Guilty Gear Isuka Import Impressions

We imported Sammy's crazy, four-player fighting game and took it for a test-drive...which left our heads spinning. Find out why.


We were excited to get ahold of the Japanese retail version of Guilty Gear Isuka, the latest in Sammy's long-running series of wild-and-crazy anime-inspired fighting games. Isuka distinguishes itself from other, recent Guilty Gear entries most notably by featuring four-player battles (accessed via a PlayStation 2 multitap) in which you and up to three friends and/or computer opponents can engage in ridiculous free-for-alls or team-based matches. Characters also gain the ability to fight on two different planes, either in the foreground or the background, much like in many of the old Fatal Fury fighting games.

The latest in the Guilty Gear series is packed with new gameplay modes. Click "stream" for a larger view.

Even if you don't have a multitap peripheral, you'll still be able to participate in a four-character match with three CPU-controlled fighters. Guilty Gear Isuka isn't just about four-player mayhem, though. It also contains a Final Fight-style side-scrolling beat-'em-up mode, a color-edit mode for customizing character appearances, and other features that--judging by our first impressions--seem like they could keep the series' fans happily occupied for a long time.

Guilty Gear Isuka offers lots of different characters to choose from, though if you played Guilty Gear X2, you'll recognize almost all of them. One new face definitely sticks out, though. It's a girl named Aba, who appears to be an undead murder victim armed with a gigantic key. Aba's a decidedly strange character, so she seems to fit right in with the rest of the Guilty Gear cast. The other two "new" characters are Robo Ky (who was hidden in Guilty Gear X2) and Robo Ky II, both of whom--as their names suggest--are robotic versions of Ky, the blond-haired, goody-two-shoes swordsman.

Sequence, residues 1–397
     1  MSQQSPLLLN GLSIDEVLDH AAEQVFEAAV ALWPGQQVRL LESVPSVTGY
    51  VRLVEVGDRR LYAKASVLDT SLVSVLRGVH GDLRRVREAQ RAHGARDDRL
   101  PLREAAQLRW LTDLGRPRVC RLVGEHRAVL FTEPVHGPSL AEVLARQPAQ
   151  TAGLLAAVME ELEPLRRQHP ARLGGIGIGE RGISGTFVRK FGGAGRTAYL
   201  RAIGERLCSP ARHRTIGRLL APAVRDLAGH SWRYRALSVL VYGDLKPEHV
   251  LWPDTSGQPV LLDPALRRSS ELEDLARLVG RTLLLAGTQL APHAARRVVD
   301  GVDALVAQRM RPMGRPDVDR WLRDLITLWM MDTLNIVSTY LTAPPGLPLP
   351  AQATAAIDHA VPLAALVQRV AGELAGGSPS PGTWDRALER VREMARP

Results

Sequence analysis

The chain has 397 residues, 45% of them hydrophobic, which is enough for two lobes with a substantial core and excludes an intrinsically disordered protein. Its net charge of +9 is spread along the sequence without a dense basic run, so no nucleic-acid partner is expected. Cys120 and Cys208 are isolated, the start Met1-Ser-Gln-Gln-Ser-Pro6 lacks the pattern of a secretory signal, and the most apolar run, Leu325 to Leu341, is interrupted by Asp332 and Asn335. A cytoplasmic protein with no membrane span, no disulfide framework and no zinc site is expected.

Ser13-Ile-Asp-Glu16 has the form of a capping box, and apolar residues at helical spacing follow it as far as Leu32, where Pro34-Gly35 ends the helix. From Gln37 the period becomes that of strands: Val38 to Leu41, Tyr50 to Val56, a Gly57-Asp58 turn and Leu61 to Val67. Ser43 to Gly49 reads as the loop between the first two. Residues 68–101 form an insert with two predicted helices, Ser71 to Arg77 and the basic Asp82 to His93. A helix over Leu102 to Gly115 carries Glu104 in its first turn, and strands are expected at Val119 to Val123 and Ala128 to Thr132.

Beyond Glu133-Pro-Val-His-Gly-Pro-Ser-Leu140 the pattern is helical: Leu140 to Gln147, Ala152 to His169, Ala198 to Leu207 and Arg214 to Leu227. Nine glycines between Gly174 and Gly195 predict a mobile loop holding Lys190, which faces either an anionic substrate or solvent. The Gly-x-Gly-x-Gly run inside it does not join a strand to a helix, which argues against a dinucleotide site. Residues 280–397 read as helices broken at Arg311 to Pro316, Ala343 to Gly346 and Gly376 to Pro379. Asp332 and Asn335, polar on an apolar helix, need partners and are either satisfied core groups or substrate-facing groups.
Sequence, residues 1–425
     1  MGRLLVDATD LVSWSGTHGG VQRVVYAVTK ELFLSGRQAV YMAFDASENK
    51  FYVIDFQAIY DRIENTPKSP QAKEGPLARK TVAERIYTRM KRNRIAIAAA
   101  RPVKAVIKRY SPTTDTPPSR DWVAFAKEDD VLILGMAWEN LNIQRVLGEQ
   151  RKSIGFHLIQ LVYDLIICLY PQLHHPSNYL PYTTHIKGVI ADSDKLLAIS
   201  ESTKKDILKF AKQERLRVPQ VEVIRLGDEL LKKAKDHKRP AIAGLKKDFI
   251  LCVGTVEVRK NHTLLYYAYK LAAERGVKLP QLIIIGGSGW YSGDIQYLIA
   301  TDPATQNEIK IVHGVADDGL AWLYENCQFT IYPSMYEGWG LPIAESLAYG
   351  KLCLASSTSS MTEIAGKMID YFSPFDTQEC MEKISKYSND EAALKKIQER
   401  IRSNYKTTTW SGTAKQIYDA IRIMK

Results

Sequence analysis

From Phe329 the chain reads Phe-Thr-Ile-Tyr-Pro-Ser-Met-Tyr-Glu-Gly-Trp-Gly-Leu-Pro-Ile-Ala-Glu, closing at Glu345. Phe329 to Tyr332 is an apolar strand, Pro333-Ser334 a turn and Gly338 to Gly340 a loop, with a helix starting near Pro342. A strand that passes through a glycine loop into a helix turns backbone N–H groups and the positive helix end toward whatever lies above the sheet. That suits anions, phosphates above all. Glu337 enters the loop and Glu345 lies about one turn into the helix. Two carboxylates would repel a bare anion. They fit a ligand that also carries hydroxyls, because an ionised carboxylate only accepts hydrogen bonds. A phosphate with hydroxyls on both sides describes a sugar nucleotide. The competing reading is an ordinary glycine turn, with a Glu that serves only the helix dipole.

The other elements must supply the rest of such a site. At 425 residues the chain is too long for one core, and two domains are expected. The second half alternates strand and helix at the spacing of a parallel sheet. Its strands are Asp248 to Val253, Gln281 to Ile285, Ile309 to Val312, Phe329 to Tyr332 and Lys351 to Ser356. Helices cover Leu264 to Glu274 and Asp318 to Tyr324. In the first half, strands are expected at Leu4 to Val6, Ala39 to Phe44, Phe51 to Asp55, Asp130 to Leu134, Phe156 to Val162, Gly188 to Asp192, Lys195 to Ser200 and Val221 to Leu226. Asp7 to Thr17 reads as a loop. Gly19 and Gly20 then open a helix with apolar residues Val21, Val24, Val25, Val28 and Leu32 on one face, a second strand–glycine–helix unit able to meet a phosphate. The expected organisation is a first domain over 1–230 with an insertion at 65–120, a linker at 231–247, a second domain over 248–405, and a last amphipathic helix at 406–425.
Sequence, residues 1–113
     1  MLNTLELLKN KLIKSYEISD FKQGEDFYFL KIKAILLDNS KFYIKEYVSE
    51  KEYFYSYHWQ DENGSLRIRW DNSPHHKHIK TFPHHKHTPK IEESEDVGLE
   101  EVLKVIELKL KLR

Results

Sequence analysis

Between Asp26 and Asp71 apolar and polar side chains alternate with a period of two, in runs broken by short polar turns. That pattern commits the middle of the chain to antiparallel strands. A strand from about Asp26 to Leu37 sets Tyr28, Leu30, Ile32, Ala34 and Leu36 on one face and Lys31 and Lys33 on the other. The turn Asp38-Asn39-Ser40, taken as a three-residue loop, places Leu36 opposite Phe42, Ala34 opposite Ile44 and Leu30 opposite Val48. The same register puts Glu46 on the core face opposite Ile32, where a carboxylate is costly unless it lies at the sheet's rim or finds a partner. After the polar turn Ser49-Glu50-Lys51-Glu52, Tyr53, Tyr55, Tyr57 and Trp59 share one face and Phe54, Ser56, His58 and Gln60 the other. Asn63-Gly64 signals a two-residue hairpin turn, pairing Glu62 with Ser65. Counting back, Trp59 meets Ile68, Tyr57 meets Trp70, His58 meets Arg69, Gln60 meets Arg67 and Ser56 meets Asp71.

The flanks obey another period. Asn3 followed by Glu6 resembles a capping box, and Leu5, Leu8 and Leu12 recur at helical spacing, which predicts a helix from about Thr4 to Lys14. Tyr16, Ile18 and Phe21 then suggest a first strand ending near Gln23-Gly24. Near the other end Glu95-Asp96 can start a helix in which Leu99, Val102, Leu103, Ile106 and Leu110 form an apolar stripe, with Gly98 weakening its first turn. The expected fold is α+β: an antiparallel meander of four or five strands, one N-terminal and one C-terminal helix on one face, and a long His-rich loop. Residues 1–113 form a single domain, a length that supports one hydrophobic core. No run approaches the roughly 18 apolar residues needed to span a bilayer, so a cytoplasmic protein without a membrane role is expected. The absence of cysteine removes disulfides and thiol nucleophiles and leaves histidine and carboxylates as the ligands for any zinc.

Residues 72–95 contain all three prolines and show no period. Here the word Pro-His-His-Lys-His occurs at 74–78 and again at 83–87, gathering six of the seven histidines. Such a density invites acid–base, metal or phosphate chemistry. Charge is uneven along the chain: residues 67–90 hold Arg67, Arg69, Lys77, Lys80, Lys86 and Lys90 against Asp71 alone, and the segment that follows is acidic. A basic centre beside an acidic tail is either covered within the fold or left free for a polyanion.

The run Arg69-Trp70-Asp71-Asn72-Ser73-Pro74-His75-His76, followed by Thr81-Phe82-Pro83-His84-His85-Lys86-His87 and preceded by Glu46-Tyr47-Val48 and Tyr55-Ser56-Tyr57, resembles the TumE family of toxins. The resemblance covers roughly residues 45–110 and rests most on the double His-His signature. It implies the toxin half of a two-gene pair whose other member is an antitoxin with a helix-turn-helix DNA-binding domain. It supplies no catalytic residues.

While most of Guilty Gear Isuka's cast is familiar, the four-player fighting dynamic certainly changes the flow and feel of the gameplay. Specifically, it makes the gameplay seem somehow even more reckless and wacky than it was before. To be perfectly honest, the four-player bouts actually seem a little overwhelming at first. Specifically, they feel less like highly technical fighting game experiences and more like zany antics from four-player "melee-style" games, such as Power Stone or Super Smash Bros. Melee.

As if the previous Guilty Gear games weren't insane enough, this one features two-on-two battles.
As if the previous Guilty Gear games weren't insane enough, this one features two-on-two battles.

The actual controls of the game will be pretty familiar to those who've played their share of 2D fighters, though there's one notable difference: Your character no longer automatically turns around if your opponent moves to the other side of the screen. That's because, well, you can be facing multiple opponents here, so it's very possible to get sandwiched and pummeled into oblivion. You toggle between facing left and right by tapping the R1 button. However, this mechanic takes some getting used to, because turning around happens automatically in most fighting games.

Even so, we got the hang of this quickly enough and were able to regain some of our deteriorated Guilty Gear skills in fairly short order. We were impressed at how the game manages to play as briskly as ever, even with four characters going at it at once. We also experimented with the new ability to step between the foreground and background, which seems like it'll be essential for getting out of harm's way. All in all, the four-player battles in Isuka seem like they'll give Guilty Gear fans a lot of new challenges and strategic opportunities to consider.

Incidentally, those concerned that the four-player battles will be just too chaotic should have no fear. You can still play classic one-on-one bouts if you prefer. Or maybe you'd like to try the new GG Boost mode? It's this weird side-scrolling beat-'em-up, complete with food power-ups and all the types of things you'd expect from a rudimentary Final Fight clone. You can choose any character to play with in this mode, and you may earn points here, which you may then spend in a new factory mode to tweak out and fully customize the moves of a fighter of your choice. This mode looked quite deep, and we barely scratched its surface. So it looks like something that could definitely be interesting for fighting game aficionados.

How about a side-scrolling beat-'em-up mode? Sure, thanks.
How about a side-scrolling beat-'em-up mode? Sure, thanks.

All in all, Guilty Gear Isuka looks like it has enough new and different features to appease those series fans--or 2D fighting game fans--that are looking for their next fix. The game's manic pacing may not be for everybody, but if you've played and enjoyed faster-paced fighting games in the past, then we think you'll want to keep an eye out for Guilty Gear Isuka when it hits North American shores in November.

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